Polish energy firm PGNiG confirmed that following the court ruling issued in March, the company has already received a compensation payment of USD 1.6 bln from Gazprom. Russia decided to settle the payment but also appealed against the decision of the Stockholm arbitration court.
In March, PGNiG won in arbitration its dispute with Gazprom over the price of long-term gas supply. It was an important decision which had notably changed the energy markets in Central and Eastern Europe. The decision meant that Poland is not only paying less for gas but also was able to prevent the use of resources as a political weapon. Additionally, the Arbitration Tribunal changed the price formula for the purchase of gas supplied by Gazprom under the Yamal Contract. The new, lower price is directly linked to the European energy market quotations for natural gas.
The main argument presented by PGNiG in court stated that the price scheme varied across the countries and Poland was paying much more than the other clients in Western Europe.
PGNiG initially calculated that Gazprom should pay back around $ 1.5 billion price difference.
Poland’s largest gas distributor PGNiG said on Monday that an international arbitration court has ruled that Russian gas giant Gazprom must pay it about $1.5 billion in a case over a pricing dispute.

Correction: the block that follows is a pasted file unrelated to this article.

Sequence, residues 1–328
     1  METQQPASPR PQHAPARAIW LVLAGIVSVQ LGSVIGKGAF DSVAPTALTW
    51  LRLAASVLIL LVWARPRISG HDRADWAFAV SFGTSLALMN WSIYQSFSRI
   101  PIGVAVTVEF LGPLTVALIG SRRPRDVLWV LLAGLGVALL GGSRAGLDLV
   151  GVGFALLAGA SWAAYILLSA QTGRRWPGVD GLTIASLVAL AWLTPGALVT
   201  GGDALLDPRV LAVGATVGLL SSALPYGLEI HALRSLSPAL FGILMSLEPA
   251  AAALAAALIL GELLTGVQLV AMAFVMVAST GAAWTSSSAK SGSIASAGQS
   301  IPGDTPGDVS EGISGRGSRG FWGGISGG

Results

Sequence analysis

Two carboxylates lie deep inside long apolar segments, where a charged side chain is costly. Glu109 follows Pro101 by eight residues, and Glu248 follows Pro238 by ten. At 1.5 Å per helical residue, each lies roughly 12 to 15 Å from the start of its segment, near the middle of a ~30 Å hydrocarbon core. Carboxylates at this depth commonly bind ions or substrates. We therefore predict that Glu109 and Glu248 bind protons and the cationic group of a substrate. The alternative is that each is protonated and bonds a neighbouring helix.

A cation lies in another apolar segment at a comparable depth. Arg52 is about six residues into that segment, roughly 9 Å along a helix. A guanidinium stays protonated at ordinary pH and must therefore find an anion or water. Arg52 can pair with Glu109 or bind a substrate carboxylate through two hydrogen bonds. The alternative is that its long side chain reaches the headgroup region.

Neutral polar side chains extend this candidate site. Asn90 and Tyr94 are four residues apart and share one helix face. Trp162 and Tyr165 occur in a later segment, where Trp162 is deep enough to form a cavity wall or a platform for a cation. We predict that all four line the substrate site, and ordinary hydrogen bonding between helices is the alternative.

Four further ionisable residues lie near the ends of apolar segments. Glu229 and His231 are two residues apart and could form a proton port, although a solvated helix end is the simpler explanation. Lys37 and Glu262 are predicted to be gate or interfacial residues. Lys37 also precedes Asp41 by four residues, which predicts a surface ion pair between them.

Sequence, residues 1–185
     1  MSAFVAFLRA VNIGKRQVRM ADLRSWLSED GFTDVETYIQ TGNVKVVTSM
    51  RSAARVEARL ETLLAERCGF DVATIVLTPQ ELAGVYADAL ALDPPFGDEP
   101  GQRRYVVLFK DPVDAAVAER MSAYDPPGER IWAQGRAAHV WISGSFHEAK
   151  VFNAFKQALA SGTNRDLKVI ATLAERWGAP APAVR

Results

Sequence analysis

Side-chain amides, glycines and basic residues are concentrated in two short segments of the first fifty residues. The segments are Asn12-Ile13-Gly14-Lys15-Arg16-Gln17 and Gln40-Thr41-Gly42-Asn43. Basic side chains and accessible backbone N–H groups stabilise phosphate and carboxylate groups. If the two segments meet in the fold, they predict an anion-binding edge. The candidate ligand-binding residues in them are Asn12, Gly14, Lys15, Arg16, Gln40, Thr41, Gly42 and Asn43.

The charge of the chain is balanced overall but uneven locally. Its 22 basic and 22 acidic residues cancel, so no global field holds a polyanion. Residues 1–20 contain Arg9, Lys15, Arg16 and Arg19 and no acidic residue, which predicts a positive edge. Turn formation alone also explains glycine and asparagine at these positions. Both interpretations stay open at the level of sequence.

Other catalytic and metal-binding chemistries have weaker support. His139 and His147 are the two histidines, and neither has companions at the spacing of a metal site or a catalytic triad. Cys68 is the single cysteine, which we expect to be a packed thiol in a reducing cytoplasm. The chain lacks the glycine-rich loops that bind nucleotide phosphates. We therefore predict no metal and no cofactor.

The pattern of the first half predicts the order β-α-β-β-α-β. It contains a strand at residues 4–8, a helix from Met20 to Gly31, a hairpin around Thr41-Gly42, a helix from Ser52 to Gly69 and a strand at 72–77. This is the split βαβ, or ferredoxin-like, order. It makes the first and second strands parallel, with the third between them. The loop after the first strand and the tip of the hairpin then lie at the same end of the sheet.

— Visegrad 24 🇨🇿🇭🇺🇵🇱🇸🇰 (@visegrad24) March 30, 2020
The new contract price, as introduced by the Arbitration Tribunal in its final judgment applied to gas supplies that took place from November 1, 2014, this is from the date when PGNiG had submitted a request for renegotiation of the contract price.
Poland argued that it had fallen victim to political blackmail. First, when Gazprom disrupted energy supplies or reduced the amount of gas delivered to Eastern European countries. Second, the disputed prices were significantly higher than the prices available to other European countries. The Stockholm arbitration court ruling helped to limit the unfair market practices.
It is worth mentioning that regardless of the court decision, Poland had anyway decided to reduce its reliance on gas supplies from Russia. Therefore, the country will not extend its contract with Gazprom which expires in 2022. PGNiG is now buying liquefied natural gas (LNG) from the USA and other countries. Poland and Croatia built the LNG terminals and through the direct supplies via terminals are slowly replacing the supplies from Russia. Poland diversifies its gas deliveries also by building a gas pipeline to Norway. The Baltic Pipe, as the project is called, will open up a new way to access gas from the North Sea.
Author: Alicja Prochniak
Picture: Twitter @GK_PGNiG